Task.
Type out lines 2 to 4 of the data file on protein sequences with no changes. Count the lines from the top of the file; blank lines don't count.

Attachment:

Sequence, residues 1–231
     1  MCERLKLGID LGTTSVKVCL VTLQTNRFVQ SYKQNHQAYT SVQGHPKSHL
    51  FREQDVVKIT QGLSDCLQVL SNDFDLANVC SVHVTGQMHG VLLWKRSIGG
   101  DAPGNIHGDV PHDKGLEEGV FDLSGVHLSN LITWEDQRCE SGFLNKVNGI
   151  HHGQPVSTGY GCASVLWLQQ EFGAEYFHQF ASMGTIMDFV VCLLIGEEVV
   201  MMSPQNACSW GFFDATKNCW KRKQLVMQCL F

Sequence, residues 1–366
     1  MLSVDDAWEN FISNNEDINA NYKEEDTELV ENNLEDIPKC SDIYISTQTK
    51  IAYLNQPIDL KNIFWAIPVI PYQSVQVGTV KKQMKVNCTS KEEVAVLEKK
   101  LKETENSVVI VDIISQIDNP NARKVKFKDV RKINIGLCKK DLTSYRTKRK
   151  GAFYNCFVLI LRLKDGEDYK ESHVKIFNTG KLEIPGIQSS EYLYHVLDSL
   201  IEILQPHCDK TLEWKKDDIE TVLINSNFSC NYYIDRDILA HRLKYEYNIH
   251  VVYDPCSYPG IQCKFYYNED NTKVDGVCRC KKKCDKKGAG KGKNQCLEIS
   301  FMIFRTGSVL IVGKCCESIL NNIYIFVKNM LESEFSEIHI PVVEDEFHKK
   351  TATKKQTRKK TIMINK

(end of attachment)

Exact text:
     1  MCERLKLGID LGTTSVKVCL VTLQTNRFVQ SYKQNHQAYT SVQGHPKSHL
    51  FREQDVVKIT QGLSDCLQVL SNDFDLANVC SVHVTGQMHG VLLWKRSIGG
   101  DAPGNIHGDV PHDKGLEEGV FDLSGVHLSN LITWEDQRCE SGFLNKVNGI